Late last month saw the release of the best Spawn toy ever - the extraordinary Image 10th Anniversary Spawn, the incredibly articulated, detailed, realistic, magical action figure which has been selling like wildfire. It's been said (by me) that the only way that McFarlane Toys could possibly
beat this toy is to make a Spawn figure that is actually alive and able to beat up your other toys, and then proceed to attack your pets while you watch in amusement. But since Mr. McFarlane isn't returning my calls, I'm instead going all the way back to the beginning and review the first-ever Spawn figure from the first line of toys McFarlane ever made.
The original Spawn looks like a toy compared to the new Image 10 Spawn; yet for myself, like so many other collectors, this is still a figure deserving a special place in the collection. Standing less than 6" tall, he's a midget compared to all of the newer Spawn toys - but as the first-ever toy from the revolutionary company known then as "Todd Toys," this simple, small figure led McFarlane to redefine what collectors buy on shelves today.
Originally when Todd McFarlane
wanted to bring his popular comicbook character to action figure form, he went to the toymakers at Mattel to see what they could come up with. Disappointed with the results, he started his own toy company, developing detailed and articulated figures the likes of which had not been seen before. Some 20-odd series of Spawn down the line, McFarlane Toys now creates and sells some of the most beautiful, imaginative toys on the market, and it all started here.
Spawn is a simple figure, articulated at the shoulders, legs, knees and neck, with a simple paint scheme that is somehow all the more effective. A simple yet effectual replication of the Spawn character from the comics, Spawn is decorated with reds, whites and blacks, with metallic spikes and green eyes that look as if they glow.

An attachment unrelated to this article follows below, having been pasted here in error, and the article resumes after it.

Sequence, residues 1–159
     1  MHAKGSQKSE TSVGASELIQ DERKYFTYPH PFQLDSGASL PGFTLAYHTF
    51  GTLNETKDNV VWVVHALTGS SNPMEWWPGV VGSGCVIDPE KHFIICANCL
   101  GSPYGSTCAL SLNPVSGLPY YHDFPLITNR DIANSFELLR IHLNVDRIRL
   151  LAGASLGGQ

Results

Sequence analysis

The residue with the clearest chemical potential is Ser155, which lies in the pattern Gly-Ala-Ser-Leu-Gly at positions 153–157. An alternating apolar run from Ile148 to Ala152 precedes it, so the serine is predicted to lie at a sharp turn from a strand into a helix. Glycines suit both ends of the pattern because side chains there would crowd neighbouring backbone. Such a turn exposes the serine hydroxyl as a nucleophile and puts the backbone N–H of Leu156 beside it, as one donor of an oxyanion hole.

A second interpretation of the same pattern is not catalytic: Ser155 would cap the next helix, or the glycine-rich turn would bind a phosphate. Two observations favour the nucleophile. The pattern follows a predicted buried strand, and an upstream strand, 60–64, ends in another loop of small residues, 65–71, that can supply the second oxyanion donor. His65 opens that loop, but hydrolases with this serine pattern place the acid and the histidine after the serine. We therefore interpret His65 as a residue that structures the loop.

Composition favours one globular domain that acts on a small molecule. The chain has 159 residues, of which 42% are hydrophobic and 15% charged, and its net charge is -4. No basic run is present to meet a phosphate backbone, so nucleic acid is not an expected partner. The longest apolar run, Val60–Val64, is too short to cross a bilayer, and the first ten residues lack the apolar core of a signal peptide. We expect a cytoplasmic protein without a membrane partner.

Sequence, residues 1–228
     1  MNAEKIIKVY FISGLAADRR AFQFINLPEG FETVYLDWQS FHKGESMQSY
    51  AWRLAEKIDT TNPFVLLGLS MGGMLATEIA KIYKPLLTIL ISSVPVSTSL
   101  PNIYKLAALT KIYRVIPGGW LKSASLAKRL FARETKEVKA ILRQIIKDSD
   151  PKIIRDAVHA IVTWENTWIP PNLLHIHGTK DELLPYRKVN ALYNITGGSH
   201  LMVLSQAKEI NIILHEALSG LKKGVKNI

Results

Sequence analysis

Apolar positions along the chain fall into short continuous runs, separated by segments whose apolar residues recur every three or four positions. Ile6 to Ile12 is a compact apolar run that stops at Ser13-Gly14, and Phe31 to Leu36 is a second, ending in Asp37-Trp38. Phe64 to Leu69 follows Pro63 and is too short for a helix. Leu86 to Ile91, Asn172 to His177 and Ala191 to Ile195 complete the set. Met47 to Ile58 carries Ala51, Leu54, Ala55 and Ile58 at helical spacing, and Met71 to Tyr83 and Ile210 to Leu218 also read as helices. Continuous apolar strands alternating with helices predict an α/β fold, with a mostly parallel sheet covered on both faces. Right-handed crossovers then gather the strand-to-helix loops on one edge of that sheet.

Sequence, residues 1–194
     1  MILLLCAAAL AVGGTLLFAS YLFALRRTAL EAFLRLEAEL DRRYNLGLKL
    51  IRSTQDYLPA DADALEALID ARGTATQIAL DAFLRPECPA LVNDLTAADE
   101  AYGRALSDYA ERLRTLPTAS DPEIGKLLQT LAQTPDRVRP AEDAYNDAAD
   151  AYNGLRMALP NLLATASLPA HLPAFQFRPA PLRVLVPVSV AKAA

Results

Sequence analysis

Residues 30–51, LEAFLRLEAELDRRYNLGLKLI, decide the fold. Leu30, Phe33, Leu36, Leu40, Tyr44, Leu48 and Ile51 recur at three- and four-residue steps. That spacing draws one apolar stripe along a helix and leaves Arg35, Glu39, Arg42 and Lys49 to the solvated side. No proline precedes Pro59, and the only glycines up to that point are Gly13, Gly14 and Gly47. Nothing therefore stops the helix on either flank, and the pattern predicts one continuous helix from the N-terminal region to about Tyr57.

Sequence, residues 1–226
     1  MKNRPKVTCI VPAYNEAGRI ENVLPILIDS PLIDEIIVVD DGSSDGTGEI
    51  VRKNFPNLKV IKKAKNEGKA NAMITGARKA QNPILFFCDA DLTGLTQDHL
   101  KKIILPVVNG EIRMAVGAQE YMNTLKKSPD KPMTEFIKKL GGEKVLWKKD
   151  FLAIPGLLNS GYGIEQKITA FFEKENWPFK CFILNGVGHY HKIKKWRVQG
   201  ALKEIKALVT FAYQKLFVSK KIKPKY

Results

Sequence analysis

The figure is a work of art, full of creativity - the cape is my favourite aspect, which fits onto Spawn's back and folds in two places,
allowing Spawn to be posed hidden behind the cape, dark and withdrawn (ala the popular comic image) or in full menacing view. The cape is detachable, meaning Spawn can be posed with or without it, a nifty feature for the figure. Spawn also has three short rubber chains, which connect to his belt-buckle-skull-thingy and to his back, and also hold his cape around his neck (really, it's just for decoration - the cape is held up by a large plastic tab that plugs into Spawn's back). Nowadays these chains are re-created with real metal, so these rubber impersonations give the toy more of a nostalgic look, which I like. They fit the era that the toy was created in, and they look nifty.
Excluding the cape, Spawn has only one accessory, which is really lame compared to the rest of the figure - it's a board with a nail in it. Comparing this to Spawn IV's arsenal is like comparing George W. Bush to a retarded monkey. It's a small boring accessory, and it sucks - though Spawn holds it fine and doesn't look too bad with it.
(I'm exaggerating because I like the figure so much - the accessory really does suck. Though it's worth noting that, aside from Medieval Spawn and Overtkill with the great pop-off head, all of the figures from this initial Spawn series had witless accessories. Clown has a chicken drumstick, for chrissakes!)
Like the previous Spider-Man Classics and the recent Marvel Legends, the original Spawn series came packaged in a clamshell with a reprint of a comic - in Spawn's case, it's a reprint of Spawn #1 - or, at least I think it is. I've never read the original comic, so I don't know, but it seems to be valid and it's a nifty addition to the toy anyway. The comic is full color with the backstory of the character, with some very nice art and a preview for the comicbook included with the Violator figure from this series. The back of the comic has pictures of the other figures in this line.
For us collectors, this is true nostalgia - not a great figure by today's standards; if companies were making toys like this they'd soon go out of business (see N2 Toys). Back in its time, this was a great figure and it's definitely worthy of a place in my collection. We have to admire the empire that Todd McFarlane has built - if not for his toys, I'd never have heard of his comic, yet I and thousands of other collectors have shelves full of Spawn toys and more shelves of his other popular toylines.